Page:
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[es-kuh-leyt] /ˈɛs kəˌleɪt/
verb (used with object), verb (used without object), escalated, escalating.
to increase in intensity, magnitude, etc.:
to escalate a war; a time when prices escalate.
to raise, lower, rise, or descend on or as if on an escalator.
1920-25; back formation from escalator
Related forms
escalation, noun
[es-kuh-luh-tawr-ee, -tohr-ee] /ˈɛs kə ləˌtɔr i, -ˌtoʊr i/ (Show IPA),
nonescalating, adjective
nonescalatory, adjective
reescalate, verb, reescalated, reescalating.
reescalation, noun
1. advance, mount, swell.
1. lower, decrease, fall.
Pronunciation note
See percolate. Unabridged
Based on the Random House Dictionary, © Random House, Inc. 2015.
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Examples from the web for escalated
  • But in the past decade the risks have escalated as criminal activity has invaded the reserve's western region.
  • Look at previous messages for link for explanation of what was going on there, before the situation escalated with tragic results.
  • When the recession of that period ended, those fees became permanent, and they have escalated ever since.
  • At the same time, research expectations for tenure-track faculty members have escalated steadily.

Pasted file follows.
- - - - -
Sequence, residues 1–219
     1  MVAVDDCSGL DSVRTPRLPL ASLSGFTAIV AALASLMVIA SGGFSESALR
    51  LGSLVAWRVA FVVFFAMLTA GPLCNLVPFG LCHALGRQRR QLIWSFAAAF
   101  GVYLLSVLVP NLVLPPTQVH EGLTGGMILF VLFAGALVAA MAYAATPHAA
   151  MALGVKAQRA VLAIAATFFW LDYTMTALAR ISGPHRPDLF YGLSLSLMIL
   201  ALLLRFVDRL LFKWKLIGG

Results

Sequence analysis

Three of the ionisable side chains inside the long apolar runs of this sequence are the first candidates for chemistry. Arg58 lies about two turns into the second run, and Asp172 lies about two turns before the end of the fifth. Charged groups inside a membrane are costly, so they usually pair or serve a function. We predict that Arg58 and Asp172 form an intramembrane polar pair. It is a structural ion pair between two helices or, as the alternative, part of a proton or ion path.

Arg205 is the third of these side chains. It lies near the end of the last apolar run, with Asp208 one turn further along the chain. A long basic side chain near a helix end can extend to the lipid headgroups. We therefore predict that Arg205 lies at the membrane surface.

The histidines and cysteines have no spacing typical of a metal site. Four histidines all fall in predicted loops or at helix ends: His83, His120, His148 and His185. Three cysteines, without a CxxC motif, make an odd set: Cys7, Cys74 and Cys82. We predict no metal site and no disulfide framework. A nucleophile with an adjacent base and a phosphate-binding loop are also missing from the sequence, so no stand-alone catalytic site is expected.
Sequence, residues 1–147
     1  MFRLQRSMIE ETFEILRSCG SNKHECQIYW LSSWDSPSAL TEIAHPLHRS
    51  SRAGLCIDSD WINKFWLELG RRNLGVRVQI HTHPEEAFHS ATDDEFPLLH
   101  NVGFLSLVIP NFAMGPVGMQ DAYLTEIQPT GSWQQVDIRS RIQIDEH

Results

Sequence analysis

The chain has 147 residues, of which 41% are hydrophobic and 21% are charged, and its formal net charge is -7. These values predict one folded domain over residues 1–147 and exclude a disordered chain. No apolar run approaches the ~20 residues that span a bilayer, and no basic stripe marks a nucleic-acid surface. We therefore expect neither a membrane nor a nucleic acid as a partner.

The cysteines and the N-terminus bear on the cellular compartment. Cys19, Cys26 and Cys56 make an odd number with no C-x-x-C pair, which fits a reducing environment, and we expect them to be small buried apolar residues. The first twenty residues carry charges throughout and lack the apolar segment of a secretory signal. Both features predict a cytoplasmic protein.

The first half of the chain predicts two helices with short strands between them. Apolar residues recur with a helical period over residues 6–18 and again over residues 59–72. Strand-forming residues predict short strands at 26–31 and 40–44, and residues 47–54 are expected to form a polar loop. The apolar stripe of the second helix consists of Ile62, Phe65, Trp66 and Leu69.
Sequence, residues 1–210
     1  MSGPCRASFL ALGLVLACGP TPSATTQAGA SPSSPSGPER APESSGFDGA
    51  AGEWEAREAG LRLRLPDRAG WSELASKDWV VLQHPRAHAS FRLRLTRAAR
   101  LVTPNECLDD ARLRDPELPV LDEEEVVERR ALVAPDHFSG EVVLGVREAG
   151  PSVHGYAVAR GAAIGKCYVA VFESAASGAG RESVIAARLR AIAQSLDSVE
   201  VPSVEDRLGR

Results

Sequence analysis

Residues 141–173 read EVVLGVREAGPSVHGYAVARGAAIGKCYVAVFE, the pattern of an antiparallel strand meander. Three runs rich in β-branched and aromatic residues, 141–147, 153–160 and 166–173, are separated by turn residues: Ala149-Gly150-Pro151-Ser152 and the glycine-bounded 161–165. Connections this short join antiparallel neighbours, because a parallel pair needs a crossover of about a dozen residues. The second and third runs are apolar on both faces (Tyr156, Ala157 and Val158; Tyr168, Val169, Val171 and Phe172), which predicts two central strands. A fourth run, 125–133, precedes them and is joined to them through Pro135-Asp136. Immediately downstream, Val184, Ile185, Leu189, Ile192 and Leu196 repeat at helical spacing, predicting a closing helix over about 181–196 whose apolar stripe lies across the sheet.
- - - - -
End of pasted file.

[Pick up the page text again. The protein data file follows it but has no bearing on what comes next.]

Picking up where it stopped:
• As a housing crisis has escalated in the past few years, the regime has made no effort to provide adequate public accommodation.
  • Author went downstairs and stood on the stoop to watch the kids as their argument escalated.
  • When conditions maximized humiliation and confrontation, every interaction escalated into a trial of strength.
  • Its sharp sight might even have escalated an evolutionary arms race with its prey, triggering a range of defensive adaptations.
  • Another escalated nuclear arms race in that region is a legitimate and large fear.
  • Even so, they escalated an already bad situation, and that was wrong.
British Dictionary definitions for escalated


to increase or be increased in extent, intensity, or magnitude: to escalate a war, prices escalated because of inflation
Derived Forms
escalation, noun
Word Origin
C20: back formation from escalator
Collins English Dictionary - Complete & Unabridged 2012 Digital Edition
© William Collins Sons & Co. Ltd. 1979, 1986 © HarperCollins
Publishers 1998, 2000, 2003, 2005, 2006, 2007, 2009, 2012
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Word Origin and History for escalated



1922, back-formation from escalator, replacing earlier verb escalade (1801), from the noun escalade. Escalate came into general use with a figurative sense of "raise" after 1959 in reference to the possibility of nuclear war. Related: Escalated; escalating.

Online Etymology Dictionary, © 2010 Douglas Harper
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